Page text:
I had a very interesting day today at the Information Commissioners annual conference for Data Protection officers. Over 800 DPO’s attended at the Manchester Central Conference Centre (with 300 on the waiting list). The day consisted of some key note speeches in the main auditorium and some very interesting breakout sessions – particularly around the implications of the forthcoming European Regulation on data protection. To Data Protection officers this new Regulation is very much the ‘Elephant in the room’ as it will fundamentally change how businesses manage data protection and how the ICO as regulator punishes data protection breaches.
This new Regulation will be the successor to the original European Data Protection Directive (95/46/EC) which is the legal root of the UK’s Data Protection Act 1998. For those who don’t follow the legislative process in Europe there are fundamental differences between a Directive and a Regulation. A ‘Directive’ has to be enacted using local law, so the directive 95/46/EC passed in 1995 eventually became the UK’s Data Protection Act 1998, which did not become effective until the year 2000 – five years from the passing of the original European law. A ‘Regulation’ on the other hand is law in all 27 member states the moment it is passed by the European Parliament – the implication of cause is that our own parliament has no opportunity to amend the details or interpretation of the law. A ‘Regulation’ is fantastic for the harmonisation of laws across Europe but disastrous for recognising UK cultural differences and legal preferences. Although the Regulation is only at the draft stage it is progressing quickly and the European Parliament will be voting on numerous amendments in the summer, with final ratification coming in 2014. If things progress as planned the Data Protection Act 1998 will be replaced with this Data Protection Regulation from 2016 – the implications for business, and marketing in particular, are quite significant.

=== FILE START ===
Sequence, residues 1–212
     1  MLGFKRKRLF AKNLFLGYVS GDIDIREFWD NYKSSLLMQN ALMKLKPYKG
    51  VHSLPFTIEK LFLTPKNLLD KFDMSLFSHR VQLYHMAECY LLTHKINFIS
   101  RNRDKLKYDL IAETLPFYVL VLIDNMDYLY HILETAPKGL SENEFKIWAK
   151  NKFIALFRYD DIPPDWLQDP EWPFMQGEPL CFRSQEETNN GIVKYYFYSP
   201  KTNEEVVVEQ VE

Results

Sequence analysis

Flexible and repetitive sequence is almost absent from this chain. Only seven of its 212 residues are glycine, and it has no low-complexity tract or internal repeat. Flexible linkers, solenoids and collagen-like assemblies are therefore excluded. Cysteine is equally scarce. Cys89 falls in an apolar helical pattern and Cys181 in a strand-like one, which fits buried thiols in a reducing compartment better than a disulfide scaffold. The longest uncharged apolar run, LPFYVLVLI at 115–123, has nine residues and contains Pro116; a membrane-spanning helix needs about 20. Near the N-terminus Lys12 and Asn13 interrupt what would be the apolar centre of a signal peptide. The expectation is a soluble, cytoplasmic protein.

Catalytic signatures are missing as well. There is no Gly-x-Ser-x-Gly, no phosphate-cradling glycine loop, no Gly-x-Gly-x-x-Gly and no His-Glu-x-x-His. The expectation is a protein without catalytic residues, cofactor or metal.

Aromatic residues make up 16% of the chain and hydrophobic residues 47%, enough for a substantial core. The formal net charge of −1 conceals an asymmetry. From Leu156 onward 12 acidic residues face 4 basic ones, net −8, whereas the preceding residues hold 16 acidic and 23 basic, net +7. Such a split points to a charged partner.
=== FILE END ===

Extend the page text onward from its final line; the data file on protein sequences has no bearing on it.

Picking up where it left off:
As it stands today the draft Regulation would make marketing almost totally permission based requiring ‘consent’ for all marketing activity. The new Regulation weakens the role of ‘legitimate interest’ as a valid basis of processing personal data, and it also introduces some questions around a marketers ability to use customer profiling. There is intense lobbying taking place, lead by the DMA in the UK, and even the Information Commissioner has some reservations about the current draft proposals – at the conference the ICO expressed the view that we will see some changes to the details of the current draft but it will not address all their concerns.
It is certainly going to be interesting times for marketers in the years to come as we come to terms with the demands of this new Data Protection regime – I will be following developments closely.
5th March 13